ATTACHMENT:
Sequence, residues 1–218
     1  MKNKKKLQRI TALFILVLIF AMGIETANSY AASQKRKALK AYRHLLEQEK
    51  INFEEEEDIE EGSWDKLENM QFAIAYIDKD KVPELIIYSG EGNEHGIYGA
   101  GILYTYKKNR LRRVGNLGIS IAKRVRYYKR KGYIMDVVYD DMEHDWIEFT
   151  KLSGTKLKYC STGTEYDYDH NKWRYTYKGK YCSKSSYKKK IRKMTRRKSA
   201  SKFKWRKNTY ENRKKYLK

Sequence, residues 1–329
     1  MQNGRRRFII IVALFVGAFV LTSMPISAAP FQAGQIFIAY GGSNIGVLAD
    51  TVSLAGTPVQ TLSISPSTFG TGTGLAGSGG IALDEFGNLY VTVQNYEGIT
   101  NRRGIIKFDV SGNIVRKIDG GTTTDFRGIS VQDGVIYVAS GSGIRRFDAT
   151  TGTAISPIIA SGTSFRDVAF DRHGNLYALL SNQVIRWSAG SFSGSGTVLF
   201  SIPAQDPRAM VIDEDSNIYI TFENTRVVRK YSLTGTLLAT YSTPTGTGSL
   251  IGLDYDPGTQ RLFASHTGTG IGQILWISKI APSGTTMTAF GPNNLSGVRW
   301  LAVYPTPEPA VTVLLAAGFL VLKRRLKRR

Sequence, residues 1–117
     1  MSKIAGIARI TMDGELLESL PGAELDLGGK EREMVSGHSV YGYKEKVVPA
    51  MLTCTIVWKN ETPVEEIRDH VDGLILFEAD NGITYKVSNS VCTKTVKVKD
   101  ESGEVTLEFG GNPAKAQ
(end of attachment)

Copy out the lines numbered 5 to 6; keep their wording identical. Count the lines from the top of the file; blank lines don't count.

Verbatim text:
   151  KLSGTKLKYC STGTEYDYDH NKWRYTYKGK YCSKSSYKKK IRKMTRRKSA
   201  SKFKWRKNTY ENRKKYLK